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Woman shouts 'this is my father' as Indonesia Death Tribe open up coffin

Tom Fenton

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| Last updated 

Woman shouts 'this is my father' as Indonesia Death Tribe open up coffin

WARNING: CONTAINS GRAPHIC IMAGES

A documentary on YouTube has shown what life is like with a so-called 'Indonesian Death Cult', where families live with their deceased relatives after they pass away.

In one especially powerful scene, Fearless&Far host Mike Corey describes the moment a woman approached him to point out that the dead person in front of him was in fact her father.

The film sees Corey travel to the village of Tana Toraja, which has been dubbed the 'Land of the Dead', to discover for himself how the inhabitants grieve after loved ones pass.

For the people of Toraja, it is customary to preserve the memory of the dead by - quite literally - persevering their bodies as if they are still alive.

As Fearless&Far's documentary shows, the locals believe that after death, the soul remains in the house they previously lived in.

To prevent the bodies from decaying and rotting away during this time, they are coated in formaldehyde and water, with dried plants also kept nearby to mask the pungent odour.

The bodies are eventually buried, but in a ritual known as ' Ma'nene' ('care for ancestors'),which takes place in August every year, they are once again brought out from their graves.

The documentary captures Ma'nene first hand, where the dead are taken from their coffins, cleaned of insects and dirt, and are given new clothes by their relatives and the rest of the village.

A Torajan man holds up the skull of his relative as part of the 'walking dead' ritual. Credit: YouTube/Fearless&Far
A Torajan man holds up the skull of his relative as part of the 'walking dead' ritual. Credit: YouTube/Fearless&Far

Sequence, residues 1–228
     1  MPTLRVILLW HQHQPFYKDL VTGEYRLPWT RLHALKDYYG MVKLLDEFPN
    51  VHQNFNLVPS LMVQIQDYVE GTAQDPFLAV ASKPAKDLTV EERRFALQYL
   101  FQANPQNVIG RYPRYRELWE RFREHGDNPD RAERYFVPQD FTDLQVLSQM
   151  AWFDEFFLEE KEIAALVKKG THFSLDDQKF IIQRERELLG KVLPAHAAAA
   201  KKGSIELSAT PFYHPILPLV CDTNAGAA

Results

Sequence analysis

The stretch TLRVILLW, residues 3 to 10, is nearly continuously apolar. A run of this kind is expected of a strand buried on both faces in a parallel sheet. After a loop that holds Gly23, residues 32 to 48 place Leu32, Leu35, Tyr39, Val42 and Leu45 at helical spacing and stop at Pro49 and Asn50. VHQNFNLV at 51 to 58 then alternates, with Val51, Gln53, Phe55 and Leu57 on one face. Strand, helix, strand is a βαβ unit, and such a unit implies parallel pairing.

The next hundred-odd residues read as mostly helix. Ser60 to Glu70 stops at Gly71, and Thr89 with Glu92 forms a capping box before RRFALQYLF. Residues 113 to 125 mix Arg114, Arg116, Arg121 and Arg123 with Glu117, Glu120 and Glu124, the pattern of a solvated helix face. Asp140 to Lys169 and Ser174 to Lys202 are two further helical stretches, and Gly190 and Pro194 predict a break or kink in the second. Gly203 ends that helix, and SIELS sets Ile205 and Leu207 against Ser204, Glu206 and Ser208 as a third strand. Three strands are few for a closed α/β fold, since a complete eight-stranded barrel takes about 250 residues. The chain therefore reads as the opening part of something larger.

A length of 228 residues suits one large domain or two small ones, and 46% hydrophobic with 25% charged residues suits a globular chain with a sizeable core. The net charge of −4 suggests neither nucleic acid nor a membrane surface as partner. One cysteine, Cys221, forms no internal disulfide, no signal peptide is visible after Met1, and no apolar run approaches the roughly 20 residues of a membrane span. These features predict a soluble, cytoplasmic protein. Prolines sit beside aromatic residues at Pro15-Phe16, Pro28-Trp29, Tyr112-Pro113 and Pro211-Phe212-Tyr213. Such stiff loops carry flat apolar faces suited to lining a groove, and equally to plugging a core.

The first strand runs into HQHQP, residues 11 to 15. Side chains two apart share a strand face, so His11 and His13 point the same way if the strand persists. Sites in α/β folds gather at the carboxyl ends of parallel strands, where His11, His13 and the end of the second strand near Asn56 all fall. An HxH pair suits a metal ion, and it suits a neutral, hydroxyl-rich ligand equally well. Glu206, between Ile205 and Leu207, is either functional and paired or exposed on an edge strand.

It is during this ceremony where Corey meets the women whose Dad is being brought up from his grave for the first time since his death.

Recounting what she told him, the filmmaker says: "When they opened this coffin here, one of the ladies came over to me and grabbed me by the arm and pulled me closer and said 'this is my father'.

"She had a huge smile on her face, and she wanted me to capture the moment on film because she has not seen her father since he passed away so long ago."

Fearless & Far host Mike Corey. Credit: YouTube/Fearless&Far
Fearless & Far host Mike Corey. Credit: YouTube/Fearless&Far

Photographer Claudio Sieber, who travelled to the village last year, helps shed some light on why the locals continue with the morbid custom.

He stated via Escape: "In Toraja it is customary to feed the deceased every day and to keep the corpses cosily bedded in a separate room of the home until the family can afford a proper funeral, which easily costs 50’000 to 500’000 USD depending on the caste of the family and how may buffalos they have to sacrifice."

Moreover, many people in the village say the delayed burial helps the grieving process.

A grieving Torajan woman in the Fearless & Far film said: "My mother died suddenly, so we aren’t ready yet to let her go."

The channel's original video, titled 'LIVING A WEEK with the DEATH TRIBE of Indonesia', has racked up 4.6 million views since it was first uploaded in October last year.

In light of its new-found notoriety, Toraja has become something of a tourist attraction in recent years, with many now attending the Ma'nene ceremony.

Featured Image Credit: YouTube/Fearless & Far

Topics: World News, Crime, YouTube, Viral

Tom Fenton
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